Manchester Pride Expels Gay Photographer Documenting Lesbian Protest

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Manchester Pride is reported to have asked a gay photographer to stop taking pictures and leave the event. Their public relations representative told Joel Goodman that he was “not on our side, that [he] needed to leave, and that [he] would not be granted accreditation for Pride in future years.” The reason for Goodman’s expulsion? He took photographs of lesbian protestors.

Goodman gave the following account on his website:

“This year a lesbian gender ideology protest attempted to hijack the front of the parade. Several in the crowd remonstrated with the protesters. This was a political action and a live story of direct relevance to those for whom Pride is important. It was newsworthy and I photographed it along with the rest of the parade. Once again the Pride PR team attempted to obstruct me as I worked. A PR stood in front of me as I took photos of the protesters on Peter Street, told me not to take photos and that it wasn’t the message they wanted to ‘put out’.”

Documentation is a vital part of preserving LGBT history. It is proof that – in spite of rampant homophobia – our community, relationships, and spaces existed. When lesbian and gay lives have been denied and written out of history for centuries, we cannot afford to have the Pride movement enable our erasure. Keeping records of our community is an essential part of resisting efforts to make us invisible once more. We cannot afford to be selective in what is recorded. Nor can we allow Pride to be defined by corporate censorship.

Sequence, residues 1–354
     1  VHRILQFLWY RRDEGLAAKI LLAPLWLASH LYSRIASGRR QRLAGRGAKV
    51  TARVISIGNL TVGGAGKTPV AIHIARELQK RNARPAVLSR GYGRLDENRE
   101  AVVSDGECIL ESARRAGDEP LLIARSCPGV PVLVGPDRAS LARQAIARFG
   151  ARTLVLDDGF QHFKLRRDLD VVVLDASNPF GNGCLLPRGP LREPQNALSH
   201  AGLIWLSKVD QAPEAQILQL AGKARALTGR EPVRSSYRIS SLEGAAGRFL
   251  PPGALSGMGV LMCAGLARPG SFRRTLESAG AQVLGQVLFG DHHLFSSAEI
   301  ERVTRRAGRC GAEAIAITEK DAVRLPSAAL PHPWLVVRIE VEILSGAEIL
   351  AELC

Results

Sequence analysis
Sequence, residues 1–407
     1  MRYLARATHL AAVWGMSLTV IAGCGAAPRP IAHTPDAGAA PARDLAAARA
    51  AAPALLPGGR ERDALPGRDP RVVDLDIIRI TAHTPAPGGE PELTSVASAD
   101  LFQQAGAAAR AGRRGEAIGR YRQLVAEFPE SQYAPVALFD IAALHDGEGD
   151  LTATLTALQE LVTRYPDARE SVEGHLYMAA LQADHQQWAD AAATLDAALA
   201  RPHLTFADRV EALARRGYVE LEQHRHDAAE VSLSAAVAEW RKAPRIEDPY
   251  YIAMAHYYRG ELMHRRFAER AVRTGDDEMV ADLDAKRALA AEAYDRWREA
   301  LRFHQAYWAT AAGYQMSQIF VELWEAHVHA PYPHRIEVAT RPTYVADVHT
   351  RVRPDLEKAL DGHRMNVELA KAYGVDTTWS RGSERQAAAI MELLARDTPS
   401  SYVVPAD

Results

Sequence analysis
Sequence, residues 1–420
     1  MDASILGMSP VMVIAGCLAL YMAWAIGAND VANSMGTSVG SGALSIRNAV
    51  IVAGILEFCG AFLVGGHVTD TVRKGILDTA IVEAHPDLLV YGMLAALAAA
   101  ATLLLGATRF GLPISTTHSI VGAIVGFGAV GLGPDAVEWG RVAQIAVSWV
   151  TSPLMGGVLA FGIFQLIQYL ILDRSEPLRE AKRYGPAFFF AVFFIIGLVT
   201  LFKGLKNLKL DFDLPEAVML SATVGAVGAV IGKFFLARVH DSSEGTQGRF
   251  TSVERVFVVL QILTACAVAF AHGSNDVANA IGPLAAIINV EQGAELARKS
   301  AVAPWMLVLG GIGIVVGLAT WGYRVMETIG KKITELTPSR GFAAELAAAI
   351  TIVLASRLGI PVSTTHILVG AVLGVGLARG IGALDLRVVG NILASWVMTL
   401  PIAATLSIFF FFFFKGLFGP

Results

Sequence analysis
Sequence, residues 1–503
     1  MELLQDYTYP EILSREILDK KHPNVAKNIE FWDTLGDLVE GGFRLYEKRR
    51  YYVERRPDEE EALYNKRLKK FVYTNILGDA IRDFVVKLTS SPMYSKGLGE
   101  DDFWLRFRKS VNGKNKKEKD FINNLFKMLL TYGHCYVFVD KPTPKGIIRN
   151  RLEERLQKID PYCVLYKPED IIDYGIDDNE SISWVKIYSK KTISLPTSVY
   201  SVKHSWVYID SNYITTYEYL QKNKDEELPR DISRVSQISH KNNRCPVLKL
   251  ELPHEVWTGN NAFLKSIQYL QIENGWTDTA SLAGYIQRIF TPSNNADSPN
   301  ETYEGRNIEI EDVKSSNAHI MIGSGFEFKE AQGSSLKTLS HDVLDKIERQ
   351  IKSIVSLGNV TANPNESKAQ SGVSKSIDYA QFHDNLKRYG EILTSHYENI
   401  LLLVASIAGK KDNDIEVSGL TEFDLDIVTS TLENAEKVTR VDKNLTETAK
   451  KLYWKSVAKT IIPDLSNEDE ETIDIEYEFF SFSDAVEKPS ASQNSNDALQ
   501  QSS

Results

The whole point of documentation is to keep an account that is as full as possible. A story that tries to smooth over the texture of LGBT politics and conceal complications within the community ultimately serves nobody. Reducing our lives to apolitical, Instagramable moments might be convenient for the corporate side of Pride, but it does nothing to improve life for LGBT people.

Pride began as a protest, commemorating the Stonewall Uprising. Stormé DeLarverie, a butch Black lesbian, sparked the rebellion when she resisted police brutality. There would be no Pride without lesbians holding challenging politics. And now the Pride movement has no place for those lesbians, or a gay man photographing them. It’s embarrassing.

To make matters worse, Manchester Pride’s PR team told Goodman – who is HIV+ – that he was not welcome at their HIV memorial. Goodman was then informed that he would not be given accreditation to cover Manchester Pride in future years. He describes the experience as “truly shocking and extremely hurtful.”

It isn’t for a PR team to determine how a gay man documents the gay and lesbian community, or to try and erase lesbians from the account of Pride because their politics are challenging. Goodman finishes his summary of Manchester Pride with a question for the community:

“In whose interests are Manchester Pride and their PR team at Down at the Social running and censoring events, if not the community itself?”

The corporate face of Pride does not care about the community it claims to represent. By ostracising a gay man and lesbian protestors, they contribute to the stigma that many of us hope to fight through marching at Pride.